Skull Suggests One Hominid Lineage

The diverse set of human ancestors may have in fact been one species, researchers say.

By Shannon PalusJan 7, 2014 6:00 PM
Five skulls from the same time period, including the first complete adult skull of the early Pleistocene (far right), suggest that early hominids may have been a single Homo species. All five were found at a site in Dmanisi, Georgia.  | M. Ponce de Leon and Ch. Zollikofer, University of Zurich


Sign up for our email newsletter for the latest science news

Perhaps it’s time to prune the family tree. A 1.8 million-year-old skull suggests several of the half-dozen species of human ancestors and cousins alive then were likely all members of just one species: Homo erectus

The skull was the fifth unearthed at a fossil-rich prehistoric watering hole in Dmanisi, Georgia; together, the specimens provide a vivid picture of the population of human ancestors at that location and place in time — and the variation within it. 

The remarkably complete “Skull 5” features a big jaw, big teeth and overhanging eyebrows — but the brain was just one-third the size of a modern human’s. “Had Skull 5 been found as an isolated braincase and an isolated face, these parts may have been attributed to distinct species,” says Christoph Zollikofer, a University of Zürich anthropologist and author on the paper published in October. 

The traits exhibited by Skull 5, and the less-complete skulls 1 through 4, are typically identified as belonging to three separate species within the Homo genus: erectus, rudolfensis and habilis. But the skulls show that characteristics often used to classify species actually occur within a single population.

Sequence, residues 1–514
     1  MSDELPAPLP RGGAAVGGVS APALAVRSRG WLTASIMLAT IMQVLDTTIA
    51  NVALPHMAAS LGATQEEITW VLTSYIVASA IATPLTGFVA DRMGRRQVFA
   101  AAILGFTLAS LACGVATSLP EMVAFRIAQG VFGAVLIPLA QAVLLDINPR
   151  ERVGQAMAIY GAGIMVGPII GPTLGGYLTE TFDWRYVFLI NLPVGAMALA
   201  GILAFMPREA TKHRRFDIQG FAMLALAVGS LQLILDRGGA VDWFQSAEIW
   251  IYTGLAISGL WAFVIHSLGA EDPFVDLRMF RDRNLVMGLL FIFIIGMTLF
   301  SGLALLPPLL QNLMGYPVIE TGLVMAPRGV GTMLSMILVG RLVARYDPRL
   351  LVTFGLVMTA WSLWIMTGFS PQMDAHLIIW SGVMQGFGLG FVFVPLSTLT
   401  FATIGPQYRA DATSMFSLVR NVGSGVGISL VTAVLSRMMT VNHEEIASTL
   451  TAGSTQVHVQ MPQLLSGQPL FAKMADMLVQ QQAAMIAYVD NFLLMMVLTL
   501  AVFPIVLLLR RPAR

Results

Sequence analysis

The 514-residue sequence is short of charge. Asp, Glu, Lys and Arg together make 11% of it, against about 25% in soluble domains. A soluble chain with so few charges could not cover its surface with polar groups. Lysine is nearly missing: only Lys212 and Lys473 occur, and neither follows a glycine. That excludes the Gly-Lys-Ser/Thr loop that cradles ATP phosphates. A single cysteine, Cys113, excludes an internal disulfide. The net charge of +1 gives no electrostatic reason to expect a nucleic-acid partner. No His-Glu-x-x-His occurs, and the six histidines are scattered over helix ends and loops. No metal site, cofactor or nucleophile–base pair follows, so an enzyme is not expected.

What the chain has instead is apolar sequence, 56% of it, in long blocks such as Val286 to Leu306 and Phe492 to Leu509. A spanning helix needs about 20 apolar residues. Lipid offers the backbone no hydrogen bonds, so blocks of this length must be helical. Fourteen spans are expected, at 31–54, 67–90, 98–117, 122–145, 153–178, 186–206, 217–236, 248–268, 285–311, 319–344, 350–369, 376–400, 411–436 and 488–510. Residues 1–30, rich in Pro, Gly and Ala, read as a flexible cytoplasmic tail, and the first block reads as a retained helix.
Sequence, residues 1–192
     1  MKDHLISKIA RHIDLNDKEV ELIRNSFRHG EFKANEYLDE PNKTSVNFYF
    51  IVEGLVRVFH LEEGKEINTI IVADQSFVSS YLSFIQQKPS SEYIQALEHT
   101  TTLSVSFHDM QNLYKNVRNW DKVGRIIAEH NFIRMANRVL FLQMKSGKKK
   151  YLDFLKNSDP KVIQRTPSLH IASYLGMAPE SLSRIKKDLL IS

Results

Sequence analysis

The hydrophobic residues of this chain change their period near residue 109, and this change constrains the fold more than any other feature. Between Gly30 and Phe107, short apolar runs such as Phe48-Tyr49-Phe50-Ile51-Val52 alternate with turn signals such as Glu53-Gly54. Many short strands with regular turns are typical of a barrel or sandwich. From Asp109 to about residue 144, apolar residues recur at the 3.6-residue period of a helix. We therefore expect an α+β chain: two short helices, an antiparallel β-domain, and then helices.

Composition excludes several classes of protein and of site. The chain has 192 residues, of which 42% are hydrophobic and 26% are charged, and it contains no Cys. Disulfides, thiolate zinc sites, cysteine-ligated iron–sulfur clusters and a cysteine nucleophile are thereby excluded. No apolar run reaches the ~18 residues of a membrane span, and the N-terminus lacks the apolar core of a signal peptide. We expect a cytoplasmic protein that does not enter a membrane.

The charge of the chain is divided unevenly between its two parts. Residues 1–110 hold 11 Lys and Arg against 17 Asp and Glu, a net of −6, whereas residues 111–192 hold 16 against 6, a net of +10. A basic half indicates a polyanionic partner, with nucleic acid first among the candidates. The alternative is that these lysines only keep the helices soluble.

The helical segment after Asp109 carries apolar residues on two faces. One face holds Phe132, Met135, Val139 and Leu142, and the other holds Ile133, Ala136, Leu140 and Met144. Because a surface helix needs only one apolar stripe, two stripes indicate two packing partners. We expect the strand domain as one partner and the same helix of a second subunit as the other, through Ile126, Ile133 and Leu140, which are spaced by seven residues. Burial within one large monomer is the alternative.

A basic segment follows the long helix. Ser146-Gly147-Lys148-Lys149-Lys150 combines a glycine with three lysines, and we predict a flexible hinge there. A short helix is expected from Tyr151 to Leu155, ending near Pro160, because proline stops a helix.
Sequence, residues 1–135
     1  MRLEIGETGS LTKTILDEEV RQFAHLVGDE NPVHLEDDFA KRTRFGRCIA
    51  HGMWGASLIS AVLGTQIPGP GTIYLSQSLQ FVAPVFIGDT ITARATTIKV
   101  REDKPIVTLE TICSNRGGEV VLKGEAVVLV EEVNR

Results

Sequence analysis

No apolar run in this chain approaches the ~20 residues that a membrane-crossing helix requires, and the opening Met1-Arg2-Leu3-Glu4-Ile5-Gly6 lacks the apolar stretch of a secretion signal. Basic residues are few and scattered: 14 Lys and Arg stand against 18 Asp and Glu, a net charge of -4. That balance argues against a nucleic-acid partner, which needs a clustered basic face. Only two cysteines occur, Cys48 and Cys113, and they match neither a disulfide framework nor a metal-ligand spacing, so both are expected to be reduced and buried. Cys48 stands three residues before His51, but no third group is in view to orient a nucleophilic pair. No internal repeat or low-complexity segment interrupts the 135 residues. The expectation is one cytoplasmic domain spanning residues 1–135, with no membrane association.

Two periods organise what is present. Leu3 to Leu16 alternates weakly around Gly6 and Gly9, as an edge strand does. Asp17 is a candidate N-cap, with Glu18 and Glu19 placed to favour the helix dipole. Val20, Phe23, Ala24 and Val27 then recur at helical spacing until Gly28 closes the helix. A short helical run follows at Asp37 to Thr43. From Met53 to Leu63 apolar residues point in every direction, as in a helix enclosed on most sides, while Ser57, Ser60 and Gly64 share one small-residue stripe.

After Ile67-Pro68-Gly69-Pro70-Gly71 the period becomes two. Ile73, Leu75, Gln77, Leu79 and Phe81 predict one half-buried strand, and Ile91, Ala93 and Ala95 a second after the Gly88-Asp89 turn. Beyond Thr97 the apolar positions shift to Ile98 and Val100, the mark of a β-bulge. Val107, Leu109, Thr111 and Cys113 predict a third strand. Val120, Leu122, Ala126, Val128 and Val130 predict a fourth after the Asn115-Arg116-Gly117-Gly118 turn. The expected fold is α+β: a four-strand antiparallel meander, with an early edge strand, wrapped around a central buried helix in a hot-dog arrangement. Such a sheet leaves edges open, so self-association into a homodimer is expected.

The researchers are certain that Skull 5 reduces three classifications to one and suspect more Homo branches also might need to be clipped. 

A second family-tree shake-up comes courtesy of a slightly older skeleton: the 2 million-year-old Australopithecus sediba dug up in Malapa, South Africa. In April, researchers completed analysis on the bones of the new species. 

They found that some traits align with those of human ancestors: the shape of its jawbone and its affinity for walking on the ground. But other features — tiny chimp-like heels and shrugged shoulders — suggest it was too primitive to be part of the human family tree. Paleoanthropologists disagree on whether A. sediba is part of our direct lineage.

[This article originally appeared in print as "Skull Suggests One Homo Lineage."]

1 free article left
Want More? Get unlimited access for as low as $1.99/month

Already a subscriber?

Register or Log In

1 free articleSubscribe
Discover Magazine Logo
Want more?

Keep reading for as low as $1.99!


Already a subscriber?

Register or Log In

More From Discover
Recommendations From Our Store
Shop Now
Stay Curious
Our List

Sign up for our weekly science updates.

To The Magazine

Save up to 40% off the cover price when you subscribe to Discover magazine.

Copyright © 2023 Kalmbach Media Co.